How the Porsche Carrera GT Works

By: Stephanie Watson

What's the Big Deal?

In June 1998, Porsche designers came up with the idea of creating a high-performance racecar designed specifically for the 24 Hours of Le Mans, which a Porsche had won that year. But due to rising costs and concerns over its high-powered competitor, the Enzo Ferrari, Porsche scrapped its plans for a racecar. Instead, the company created a supercar that was engineered for the track but designed for the road.

The Carrera GT was finally unveiled at the 2003 Geneva Auto Show. It was the first limited-production supercar Porsche had introduced since unveiling the 959 in 1983.


Proving that you don't mess with a good thing, Porsche updated its 2005 Carrera GT only slightly. The company mounted a glass screen between the safety bars, added a seat-height adjustment and made a few other minor changes. But otherwise, the 2005 Carrera GT remains the same the original 2003 model.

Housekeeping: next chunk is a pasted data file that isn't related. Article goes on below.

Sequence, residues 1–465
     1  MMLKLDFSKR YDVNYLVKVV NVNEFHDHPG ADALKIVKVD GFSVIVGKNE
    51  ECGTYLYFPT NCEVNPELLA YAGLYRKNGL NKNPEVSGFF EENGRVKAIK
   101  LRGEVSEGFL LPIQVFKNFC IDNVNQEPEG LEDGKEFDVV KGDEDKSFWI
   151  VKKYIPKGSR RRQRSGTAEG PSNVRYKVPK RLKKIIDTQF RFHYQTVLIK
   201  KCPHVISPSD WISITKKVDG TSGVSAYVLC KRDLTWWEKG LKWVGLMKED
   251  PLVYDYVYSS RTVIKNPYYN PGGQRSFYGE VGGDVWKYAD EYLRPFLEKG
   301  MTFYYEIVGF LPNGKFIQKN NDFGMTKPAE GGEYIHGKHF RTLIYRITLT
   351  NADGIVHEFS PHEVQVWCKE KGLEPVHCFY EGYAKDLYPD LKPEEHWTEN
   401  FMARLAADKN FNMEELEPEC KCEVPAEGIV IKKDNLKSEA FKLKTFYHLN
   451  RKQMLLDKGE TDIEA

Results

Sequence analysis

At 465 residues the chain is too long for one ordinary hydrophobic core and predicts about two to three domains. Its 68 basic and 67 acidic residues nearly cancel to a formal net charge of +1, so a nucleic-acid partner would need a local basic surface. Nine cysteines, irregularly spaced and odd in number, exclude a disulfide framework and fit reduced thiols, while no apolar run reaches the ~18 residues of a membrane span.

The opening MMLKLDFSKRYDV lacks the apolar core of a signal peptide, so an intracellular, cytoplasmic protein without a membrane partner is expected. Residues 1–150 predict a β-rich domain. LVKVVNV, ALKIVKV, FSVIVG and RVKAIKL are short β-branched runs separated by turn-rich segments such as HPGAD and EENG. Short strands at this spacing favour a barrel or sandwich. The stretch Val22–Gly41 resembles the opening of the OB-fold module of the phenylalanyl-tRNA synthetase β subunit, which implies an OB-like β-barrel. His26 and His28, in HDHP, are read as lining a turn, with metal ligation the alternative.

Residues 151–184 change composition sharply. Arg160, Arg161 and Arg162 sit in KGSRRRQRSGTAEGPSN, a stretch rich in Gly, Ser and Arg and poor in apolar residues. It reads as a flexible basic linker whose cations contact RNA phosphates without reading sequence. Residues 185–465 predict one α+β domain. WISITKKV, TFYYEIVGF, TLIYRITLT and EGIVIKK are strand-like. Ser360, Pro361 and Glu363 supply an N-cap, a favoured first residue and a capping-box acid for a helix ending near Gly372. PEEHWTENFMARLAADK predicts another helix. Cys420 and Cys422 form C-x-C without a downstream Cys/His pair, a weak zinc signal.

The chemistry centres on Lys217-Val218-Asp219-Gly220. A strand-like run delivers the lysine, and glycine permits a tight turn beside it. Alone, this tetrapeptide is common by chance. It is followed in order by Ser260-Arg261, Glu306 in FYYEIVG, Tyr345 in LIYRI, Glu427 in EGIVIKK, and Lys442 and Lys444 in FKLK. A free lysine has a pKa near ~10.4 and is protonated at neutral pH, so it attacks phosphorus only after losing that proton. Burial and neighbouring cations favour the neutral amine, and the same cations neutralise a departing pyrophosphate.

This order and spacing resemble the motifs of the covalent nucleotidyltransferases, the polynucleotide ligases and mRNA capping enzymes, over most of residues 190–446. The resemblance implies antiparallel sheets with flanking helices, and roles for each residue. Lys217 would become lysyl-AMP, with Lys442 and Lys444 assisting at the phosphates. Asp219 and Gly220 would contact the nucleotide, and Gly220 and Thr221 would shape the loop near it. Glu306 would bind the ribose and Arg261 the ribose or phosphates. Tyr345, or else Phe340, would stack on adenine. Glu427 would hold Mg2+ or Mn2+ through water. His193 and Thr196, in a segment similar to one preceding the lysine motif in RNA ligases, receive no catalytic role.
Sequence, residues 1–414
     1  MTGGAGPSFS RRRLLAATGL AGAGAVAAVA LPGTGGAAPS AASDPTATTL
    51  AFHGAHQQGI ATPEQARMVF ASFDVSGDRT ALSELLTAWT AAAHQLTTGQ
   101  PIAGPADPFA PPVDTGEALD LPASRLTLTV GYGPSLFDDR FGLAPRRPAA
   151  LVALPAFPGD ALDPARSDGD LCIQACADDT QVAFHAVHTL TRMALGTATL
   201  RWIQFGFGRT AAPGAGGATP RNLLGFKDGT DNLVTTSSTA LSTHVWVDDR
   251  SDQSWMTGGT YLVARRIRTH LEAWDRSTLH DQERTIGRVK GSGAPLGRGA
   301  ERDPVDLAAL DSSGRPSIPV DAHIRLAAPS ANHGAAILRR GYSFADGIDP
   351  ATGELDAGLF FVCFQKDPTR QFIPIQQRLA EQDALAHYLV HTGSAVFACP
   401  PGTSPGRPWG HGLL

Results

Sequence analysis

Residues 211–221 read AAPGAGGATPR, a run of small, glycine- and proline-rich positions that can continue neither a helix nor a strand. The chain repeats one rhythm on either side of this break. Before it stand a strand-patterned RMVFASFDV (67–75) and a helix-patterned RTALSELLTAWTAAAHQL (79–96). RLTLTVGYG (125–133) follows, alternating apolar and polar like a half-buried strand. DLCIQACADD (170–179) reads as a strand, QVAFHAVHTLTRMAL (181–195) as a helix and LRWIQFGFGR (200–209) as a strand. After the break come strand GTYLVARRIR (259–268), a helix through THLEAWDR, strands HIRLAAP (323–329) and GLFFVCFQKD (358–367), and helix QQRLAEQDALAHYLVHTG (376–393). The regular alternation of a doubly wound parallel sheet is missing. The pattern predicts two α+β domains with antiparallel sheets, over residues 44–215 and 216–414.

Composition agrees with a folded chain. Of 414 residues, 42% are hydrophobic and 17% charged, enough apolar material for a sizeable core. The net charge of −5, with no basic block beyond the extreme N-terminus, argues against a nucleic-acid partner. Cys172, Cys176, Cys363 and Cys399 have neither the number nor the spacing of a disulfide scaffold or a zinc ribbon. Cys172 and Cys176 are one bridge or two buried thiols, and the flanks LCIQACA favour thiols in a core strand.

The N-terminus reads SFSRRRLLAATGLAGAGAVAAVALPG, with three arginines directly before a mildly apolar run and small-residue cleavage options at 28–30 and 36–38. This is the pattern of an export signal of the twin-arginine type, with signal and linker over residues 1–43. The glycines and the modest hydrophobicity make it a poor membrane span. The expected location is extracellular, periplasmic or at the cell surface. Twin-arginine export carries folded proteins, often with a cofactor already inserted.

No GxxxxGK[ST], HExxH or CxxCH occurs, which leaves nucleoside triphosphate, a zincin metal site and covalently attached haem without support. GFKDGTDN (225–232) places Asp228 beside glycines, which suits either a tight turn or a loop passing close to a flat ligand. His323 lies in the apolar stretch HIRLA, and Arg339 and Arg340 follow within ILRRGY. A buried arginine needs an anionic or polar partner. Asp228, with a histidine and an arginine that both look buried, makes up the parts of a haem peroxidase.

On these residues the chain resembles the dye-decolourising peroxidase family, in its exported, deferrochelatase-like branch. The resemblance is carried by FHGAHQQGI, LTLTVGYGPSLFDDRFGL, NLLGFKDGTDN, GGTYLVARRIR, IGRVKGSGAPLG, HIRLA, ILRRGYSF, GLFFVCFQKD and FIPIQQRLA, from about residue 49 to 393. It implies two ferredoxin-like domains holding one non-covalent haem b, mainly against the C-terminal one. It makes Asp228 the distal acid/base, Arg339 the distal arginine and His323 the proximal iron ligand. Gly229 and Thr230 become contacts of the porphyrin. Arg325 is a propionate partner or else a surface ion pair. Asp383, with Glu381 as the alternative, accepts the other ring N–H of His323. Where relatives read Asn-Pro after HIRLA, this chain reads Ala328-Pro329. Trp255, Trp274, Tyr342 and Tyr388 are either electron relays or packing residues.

How Does the Carrera GT Stack Up?

The Carrera GT is one of only a handful of "supercars," which include the Enzo Ferrari and the Ford GT. Car enthusiasts immediately compare the Carrera GT with the Enzo Ferrari, both of which are made of light but strong carbon fiber. Although the Ferrari is lighter and has more horsepower, critics say the Carrera has more agile cornering. The Porsche is also slightly less pricey than the Ferrari.